U.S., India revive sweeping nuke deal

But the pact, which some dub a 'sweetheart deal,' may not pass the US Congress in time.

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    President George W. Bush met Indian Prime Minister Manmohan Singh at the G8 Summit in Toyako, Japan.
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Washington - Considered a lost hope just last month, a US-India nuclear energy deal has sprung back to life and may yet end up one of the most significant geopolitical initiatives of the Bush presidency.

The pact is designed to provide India with American nuclear fuel and technology for civilian power while allowing it to retain its military nuclear arsenal. The accord is envisioned by the Bush administration as a way of cementing relations with the world's largest democracy while enhancing its role as a counterpoise to a rising China.

Both President Bush and Indian Prime Minister Manmohan Singh lauded the deal when they met Wednesday on the sidelines of the G-8 summit in Japan. Mr. Singh invoked nuclear cooperation as part of a new strategic relationship that has the US and India standing "shoulder to shoulder."

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But the deal, reached between President Bush and Prime Minister Singh in 2005, still requires parliamentary assent in India and congressional approval in the US. While Mr. Singh appears to have raised the pact from the dead by eking out a small majority in favor, the accord could still get bogged down in the US.

Some members of Congress threaten to withhold approval unless India gives up its growing ties with Iran, while others have raised objections to a plan they say could end up providing India the uranium fuel it would need to produce more nuclear weapons.

And even if those concerns are met, there simply may no longer be enough time – given the approvals needed from key international players – for Congress to reach a vote on the deal.

"Does Congress have time to get this done before the year is out? We're hearing happy talk in Washington and New Delhi that everyone will have time, but I don't think so," says Darryl Kimball, executive director of Arms Control Association in Washington.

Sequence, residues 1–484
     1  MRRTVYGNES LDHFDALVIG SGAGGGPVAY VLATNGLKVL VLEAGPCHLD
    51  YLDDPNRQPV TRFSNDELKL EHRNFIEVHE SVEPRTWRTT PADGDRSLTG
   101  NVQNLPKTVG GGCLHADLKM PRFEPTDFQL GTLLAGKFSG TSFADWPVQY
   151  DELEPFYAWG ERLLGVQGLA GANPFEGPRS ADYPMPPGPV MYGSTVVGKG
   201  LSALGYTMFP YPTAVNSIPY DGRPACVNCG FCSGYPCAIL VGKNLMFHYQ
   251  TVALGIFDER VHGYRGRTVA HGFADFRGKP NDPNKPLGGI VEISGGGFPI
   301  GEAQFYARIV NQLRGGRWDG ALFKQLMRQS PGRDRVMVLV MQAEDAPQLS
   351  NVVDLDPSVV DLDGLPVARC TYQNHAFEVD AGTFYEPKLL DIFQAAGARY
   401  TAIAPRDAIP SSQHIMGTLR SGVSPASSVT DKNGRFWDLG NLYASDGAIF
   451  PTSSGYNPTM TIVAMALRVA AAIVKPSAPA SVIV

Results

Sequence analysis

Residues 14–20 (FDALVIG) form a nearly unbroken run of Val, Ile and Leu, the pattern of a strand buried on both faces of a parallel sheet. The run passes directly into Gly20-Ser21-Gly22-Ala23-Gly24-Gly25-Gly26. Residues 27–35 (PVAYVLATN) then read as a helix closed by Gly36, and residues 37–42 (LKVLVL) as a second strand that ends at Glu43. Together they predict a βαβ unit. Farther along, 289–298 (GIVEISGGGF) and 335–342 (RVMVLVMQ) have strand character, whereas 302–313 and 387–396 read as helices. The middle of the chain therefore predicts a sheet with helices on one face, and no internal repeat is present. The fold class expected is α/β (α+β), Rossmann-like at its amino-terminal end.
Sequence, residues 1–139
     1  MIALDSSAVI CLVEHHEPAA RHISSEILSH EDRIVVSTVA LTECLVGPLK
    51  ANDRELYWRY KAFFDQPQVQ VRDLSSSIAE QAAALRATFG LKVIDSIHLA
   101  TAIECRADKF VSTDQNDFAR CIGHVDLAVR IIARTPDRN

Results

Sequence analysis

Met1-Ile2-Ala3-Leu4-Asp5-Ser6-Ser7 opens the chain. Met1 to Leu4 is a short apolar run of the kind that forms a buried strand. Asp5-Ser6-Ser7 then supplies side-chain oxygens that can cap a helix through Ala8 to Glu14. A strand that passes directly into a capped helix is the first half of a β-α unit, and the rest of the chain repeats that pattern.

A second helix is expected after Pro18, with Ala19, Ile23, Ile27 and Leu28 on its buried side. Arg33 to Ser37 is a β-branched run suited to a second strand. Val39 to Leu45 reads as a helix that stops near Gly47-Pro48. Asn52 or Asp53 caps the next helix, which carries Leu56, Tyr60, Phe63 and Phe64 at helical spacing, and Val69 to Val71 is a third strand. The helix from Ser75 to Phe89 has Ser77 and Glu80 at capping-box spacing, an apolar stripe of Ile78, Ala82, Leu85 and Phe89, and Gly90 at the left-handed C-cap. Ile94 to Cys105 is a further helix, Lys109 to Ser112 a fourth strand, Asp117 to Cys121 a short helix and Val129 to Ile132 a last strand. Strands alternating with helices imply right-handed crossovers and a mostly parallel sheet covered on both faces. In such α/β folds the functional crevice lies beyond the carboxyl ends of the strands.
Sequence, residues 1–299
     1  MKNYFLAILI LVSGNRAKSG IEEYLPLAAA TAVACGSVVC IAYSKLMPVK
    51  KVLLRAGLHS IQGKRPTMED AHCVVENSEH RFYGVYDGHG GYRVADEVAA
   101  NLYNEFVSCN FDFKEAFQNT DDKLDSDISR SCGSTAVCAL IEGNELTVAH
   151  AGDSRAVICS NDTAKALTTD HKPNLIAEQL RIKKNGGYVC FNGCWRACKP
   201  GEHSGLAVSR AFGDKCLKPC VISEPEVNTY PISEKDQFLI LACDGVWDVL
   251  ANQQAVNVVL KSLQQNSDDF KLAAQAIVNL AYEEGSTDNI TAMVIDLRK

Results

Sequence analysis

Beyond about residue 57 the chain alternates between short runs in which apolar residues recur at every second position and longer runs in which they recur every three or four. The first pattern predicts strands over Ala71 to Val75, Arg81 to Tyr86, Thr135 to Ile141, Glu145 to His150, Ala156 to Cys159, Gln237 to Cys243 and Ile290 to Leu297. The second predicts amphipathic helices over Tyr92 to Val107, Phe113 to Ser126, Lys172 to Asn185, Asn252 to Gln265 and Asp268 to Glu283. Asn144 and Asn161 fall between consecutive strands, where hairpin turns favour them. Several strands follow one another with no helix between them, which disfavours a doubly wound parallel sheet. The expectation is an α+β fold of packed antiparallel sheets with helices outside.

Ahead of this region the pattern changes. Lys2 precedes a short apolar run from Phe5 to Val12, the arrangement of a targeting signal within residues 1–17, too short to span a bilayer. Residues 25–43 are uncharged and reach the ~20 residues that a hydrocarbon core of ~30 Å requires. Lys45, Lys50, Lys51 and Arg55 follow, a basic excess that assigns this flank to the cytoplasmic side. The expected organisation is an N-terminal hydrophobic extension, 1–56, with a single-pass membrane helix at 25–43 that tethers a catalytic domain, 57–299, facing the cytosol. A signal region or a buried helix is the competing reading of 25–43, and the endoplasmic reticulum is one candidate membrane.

Before Bush can send a final deal to Congress, it must first pass through hoops at the International Atomic Energy Agency, and with the Nuclear Suppliers Group. The IAEA, the United Nations agency that oversees nuclear development, will be asked to approve a special safeguards agreement that covers a limited number of civilian reactors – while leaving India's military program outside those controls.

The US would then ask the Nuclear Suppliers Group – comprising 45 countries that oversee international trade in reactors and uranium supply – to exempt India from rules that require safeguards over a country's civilian and military nuclear programs before it can be supplied with fuel. Ironically, the NSG was created in response to the nuclear test India conducted in 1974.

Signs of the nuclear pact's new life are also resurrecting the opposition of many nonproliferation experts. They say a "sweetheart deal" that offers India access to modern nuclear technology and fuel without constraining its nuclear arsenal, will encourage other countries to hold out for a similar pact.

"This deal in effect draws a dangerous distinction between 'good' proliferators and 'bad' proliferators, and would weaken the nuclear safeguards system we've operated under for 40 years," says Mr. Kimball.

India has never joined the Non-Proliferation Treaty.

"It's bad enough you've just set an example with Tehran that if you wait it out long enough the US will cave and give you what you want," says Joseph Cirincione, president of Ploughshares Fund, a Washington-based foundation opposing the spread of nuclear, biological, and chemical weapons. "But you can bet Pakistan and Israel, among others, plan to take a cue from India and use this deal as a template for the future, not as some one-time agreement."

The US-India deal was judged to have little chance of passage last year when India's Communists, part of Singh's governing coalition, said they would oppose the accord which they considered would make India subservient to US interests. As recently as last month, some US officials were privately pronouncing the deal dead.

Singh formally lost Communist support from his coalition this week, but picked up the support of another small parliamentary group to make up for the loss.

India experts see the deal as a legacy issue for Singh, who faces rough parliamentary elections next year. "Legacy" is also a word that arises with respect to Bush, who came into office with a foreign policy team set on finding ways of countering China's rise.

"This deal offers a unique chance to set the direction of US-India relations on a productive path for the next administrations in Washington and New Delhi," says Bruce Riedel, a South Asia expert who served under three administrations and is now at the Brookings Institution in Washington. Failure to approve the deal this year would be a "serious setback," he says, but improvements in US-India relations in recent years mean "our partnership … is strong enough to survive if the deal falters."

Mr. Cirincione says members of Congress are right to question India's close ties to Iran, saying "it doesn't help that the country you want to give a sweetheart deal to is helping your adversary."

But Mr. Riedel notes that India has the world's second-largest Shiite Muslim population after Iran, "so it has to seek normal relations with Tehran." And counterbalancing that relationship, he adds, are India's "much stronger" ties to Israel.

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